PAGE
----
Skip to content
Join our Newsletter
Join our Newsletter

RBC Olympic sponsorship exceeds expectations

National corporations lining up to back Canadian Games

With last weekend’s announcement the Royal Bank will sponsor the 2010 Olympic Games, organizers look set to far surpass their financial predictions for national sponsorship.

RBC said it would give the Vancouver Organizing Committee $70 million in cash and $40 million as "value-in-kind" contributions as part of an eight-year deal covering four Olympics, to 2012.

In October VANOC signed a similar deal with Bell Canada worth $200 million. Indeed VANOC was so thrilled with the Bell deal it created a whole new level of sponsorship category for tele-communications companies titled the "Premier National Partner."

In 2002 Games organizers were predicting they would raise about $160 million from approximately 10 national sponsors in the Tier 1 category and a further $133 million from up to 37 Tier 2 and 3 sponsors.

But in just five months they have almost doubled the predicted total for Tier 1 sponsorships, with announcements still pending for a host of other Tier 1 sponsorships, including airlines, automotive, brewery, communications and so on.

Olympic expert Professor Kevin Wamsley said he is surprised at the level of Canadian sponsorships.

"Certainly we noticed that the national sponsorship program (for the 2002 Salt Lake Winter Olympics) was very successful… which brought in between $600 and $700 million," said Wamsley, director of the International Centre of Olympic Studies at the University of Western Ontario.

"That was huge and I suppose that I did not imagine that Canadian corporations would be coming even close to that sum. But I was wrong. Some of this isn’t cash, it is services-in-kind, but still I am quite surprised by the figures."

Last month Pique also reported that a Canadian media consortium led by Bell Globemedia was awarded the television rights for the 2010 and 2012 Games for $153 million US.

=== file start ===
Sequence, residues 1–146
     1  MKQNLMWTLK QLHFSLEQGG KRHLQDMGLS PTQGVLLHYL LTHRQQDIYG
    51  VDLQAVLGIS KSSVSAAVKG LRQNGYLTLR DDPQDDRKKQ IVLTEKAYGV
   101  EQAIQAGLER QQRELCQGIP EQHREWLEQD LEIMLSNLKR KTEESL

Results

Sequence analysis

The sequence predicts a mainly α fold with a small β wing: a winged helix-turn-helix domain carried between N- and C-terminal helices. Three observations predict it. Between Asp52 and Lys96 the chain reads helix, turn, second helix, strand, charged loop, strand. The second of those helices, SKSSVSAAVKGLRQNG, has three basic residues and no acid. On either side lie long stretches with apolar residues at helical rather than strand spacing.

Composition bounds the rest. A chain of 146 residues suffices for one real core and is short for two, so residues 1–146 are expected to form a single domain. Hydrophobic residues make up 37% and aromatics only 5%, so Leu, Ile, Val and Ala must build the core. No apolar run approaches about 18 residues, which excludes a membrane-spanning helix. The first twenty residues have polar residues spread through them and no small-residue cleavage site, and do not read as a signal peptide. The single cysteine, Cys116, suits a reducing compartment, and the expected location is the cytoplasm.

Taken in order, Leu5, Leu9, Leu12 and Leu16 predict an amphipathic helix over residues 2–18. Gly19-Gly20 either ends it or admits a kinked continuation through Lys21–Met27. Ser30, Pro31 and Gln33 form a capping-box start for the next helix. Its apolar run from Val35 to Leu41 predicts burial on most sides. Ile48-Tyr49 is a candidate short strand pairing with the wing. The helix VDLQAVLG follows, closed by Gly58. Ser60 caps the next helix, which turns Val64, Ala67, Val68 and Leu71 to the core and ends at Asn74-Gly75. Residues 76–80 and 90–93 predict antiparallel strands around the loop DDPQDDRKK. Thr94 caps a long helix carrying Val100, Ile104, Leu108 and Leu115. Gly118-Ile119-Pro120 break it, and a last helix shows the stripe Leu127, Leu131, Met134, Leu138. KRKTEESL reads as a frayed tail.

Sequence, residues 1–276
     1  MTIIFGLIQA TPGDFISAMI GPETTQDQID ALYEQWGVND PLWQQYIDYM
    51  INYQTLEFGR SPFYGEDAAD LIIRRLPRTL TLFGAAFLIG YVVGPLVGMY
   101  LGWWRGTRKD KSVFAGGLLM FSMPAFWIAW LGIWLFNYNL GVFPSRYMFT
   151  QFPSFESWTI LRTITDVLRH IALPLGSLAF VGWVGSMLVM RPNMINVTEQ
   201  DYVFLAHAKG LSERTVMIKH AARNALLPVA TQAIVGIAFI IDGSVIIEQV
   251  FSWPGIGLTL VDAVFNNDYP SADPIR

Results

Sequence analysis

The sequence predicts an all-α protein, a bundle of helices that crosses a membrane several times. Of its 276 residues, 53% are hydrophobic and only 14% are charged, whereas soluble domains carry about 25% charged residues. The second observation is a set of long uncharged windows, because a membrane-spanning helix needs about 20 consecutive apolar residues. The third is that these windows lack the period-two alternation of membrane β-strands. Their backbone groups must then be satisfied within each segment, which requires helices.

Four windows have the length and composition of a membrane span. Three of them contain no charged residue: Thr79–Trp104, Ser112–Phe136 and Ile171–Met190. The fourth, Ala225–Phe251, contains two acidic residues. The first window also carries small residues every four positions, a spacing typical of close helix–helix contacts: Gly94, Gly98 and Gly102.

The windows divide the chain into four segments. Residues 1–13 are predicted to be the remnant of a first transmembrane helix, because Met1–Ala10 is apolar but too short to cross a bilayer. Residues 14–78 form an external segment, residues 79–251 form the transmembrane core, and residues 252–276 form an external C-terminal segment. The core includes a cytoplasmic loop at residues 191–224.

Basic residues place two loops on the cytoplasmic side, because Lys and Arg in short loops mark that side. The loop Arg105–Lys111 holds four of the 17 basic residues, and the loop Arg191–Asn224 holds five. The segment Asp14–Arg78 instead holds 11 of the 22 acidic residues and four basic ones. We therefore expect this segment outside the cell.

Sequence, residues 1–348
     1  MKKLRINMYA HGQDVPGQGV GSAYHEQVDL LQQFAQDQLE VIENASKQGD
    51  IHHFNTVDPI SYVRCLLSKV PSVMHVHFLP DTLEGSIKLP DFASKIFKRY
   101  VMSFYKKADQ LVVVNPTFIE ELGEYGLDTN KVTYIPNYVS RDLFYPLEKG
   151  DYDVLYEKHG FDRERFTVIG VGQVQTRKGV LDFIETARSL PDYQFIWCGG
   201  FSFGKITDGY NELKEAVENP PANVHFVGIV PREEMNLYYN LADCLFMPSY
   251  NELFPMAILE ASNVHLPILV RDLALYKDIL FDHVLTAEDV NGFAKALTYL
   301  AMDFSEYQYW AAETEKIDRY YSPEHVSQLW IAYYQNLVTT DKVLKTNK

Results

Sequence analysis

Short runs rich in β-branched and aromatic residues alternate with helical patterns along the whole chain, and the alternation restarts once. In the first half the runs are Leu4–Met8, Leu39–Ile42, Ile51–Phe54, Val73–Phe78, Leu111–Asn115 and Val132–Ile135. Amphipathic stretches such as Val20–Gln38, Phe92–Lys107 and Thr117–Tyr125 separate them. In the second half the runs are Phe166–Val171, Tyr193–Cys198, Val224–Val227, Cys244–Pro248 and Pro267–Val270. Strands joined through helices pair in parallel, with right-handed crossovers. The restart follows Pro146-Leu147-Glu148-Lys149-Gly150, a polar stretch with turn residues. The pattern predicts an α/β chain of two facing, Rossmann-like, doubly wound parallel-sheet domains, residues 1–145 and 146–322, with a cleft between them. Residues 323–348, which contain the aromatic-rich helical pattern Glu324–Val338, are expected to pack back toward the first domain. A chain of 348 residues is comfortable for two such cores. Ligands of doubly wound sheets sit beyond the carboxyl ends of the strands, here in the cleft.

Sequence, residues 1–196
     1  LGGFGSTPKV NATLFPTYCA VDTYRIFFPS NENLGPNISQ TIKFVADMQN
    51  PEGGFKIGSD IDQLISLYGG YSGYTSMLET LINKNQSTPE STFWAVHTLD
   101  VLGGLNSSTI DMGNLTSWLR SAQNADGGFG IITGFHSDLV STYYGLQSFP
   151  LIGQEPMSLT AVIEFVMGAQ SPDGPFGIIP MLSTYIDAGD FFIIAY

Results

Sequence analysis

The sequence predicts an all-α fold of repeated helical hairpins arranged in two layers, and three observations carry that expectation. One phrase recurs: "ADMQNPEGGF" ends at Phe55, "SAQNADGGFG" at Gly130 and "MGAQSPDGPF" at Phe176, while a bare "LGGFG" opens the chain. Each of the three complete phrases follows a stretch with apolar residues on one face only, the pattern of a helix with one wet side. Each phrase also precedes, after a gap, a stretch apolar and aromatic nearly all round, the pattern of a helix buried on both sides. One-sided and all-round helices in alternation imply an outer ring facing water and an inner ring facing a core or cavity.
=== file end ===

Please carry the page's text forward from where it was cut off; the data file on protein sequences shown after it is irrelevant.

That too was a record-breaking offer. Officials of the consortium said at the time that the 2010 Games were likely to be one of the biggest events of the decade in Canada.

"We really felt we needed to be part of it and right at the centre of it," said Ivan Fecan, president and chief executive officer of Bell Globemedia on the day the deal was struck with the International Olympic Committee.

The belief that the 2010 Games are too big an opportunity to miss out on may in part be fuelling the decision by Canadian corporations to offer greater financial support than ever before.

Said Wamsley: "I think they see this as a once in a several decades opportunity. They are saying, ‘we can’t miss our chance. We have to do this right. We can’t be nickle-and-diming ourselves here.’

"So it is an opportunity for company air play which doesn’t come around too often."

The high numbers are also driven by competition amongst corporations as association with the Olympic brand is highly sought after. Even when corporations lose out, as Telus did to Bell or CIBC did to RBC, they still want to keep some association with the event and national sports. Indeed CIBC will continue with its ties to downhill skiing as it is a sponsor of Alpine Canada.

And corporations can always sign individual sponsorship agreements with key athletes expected to do well leading up to 2010 and beyond.

VANOC will continue to fundraise despite already meeting financial goalposts for national sponsorship. With construction costs expected to rise, some feel the organizing committee will need every dollar it can get.

The sponsorship money not only goes to support VANOC. At least $98 million of it will also be funnelled to the Canadian Olympic Committee and the IOC to support their endeavours up to the 2012 Games.

And, said Wamsley, corporations believe that Canadians in general think the 1988 Calgary Winter Games were a success and associating themselves with the event is good for business.

It doesn’t hurt that television viewing continues to grow despite scandals and problems with athlete doping.

However, Wamsley isn’t convinced that many of these companies will make their investment back. "I think this is mostly a symbolic exercise, which is probably great PR for the company," he said. "But is not necessarily something you would see on the balance sheet."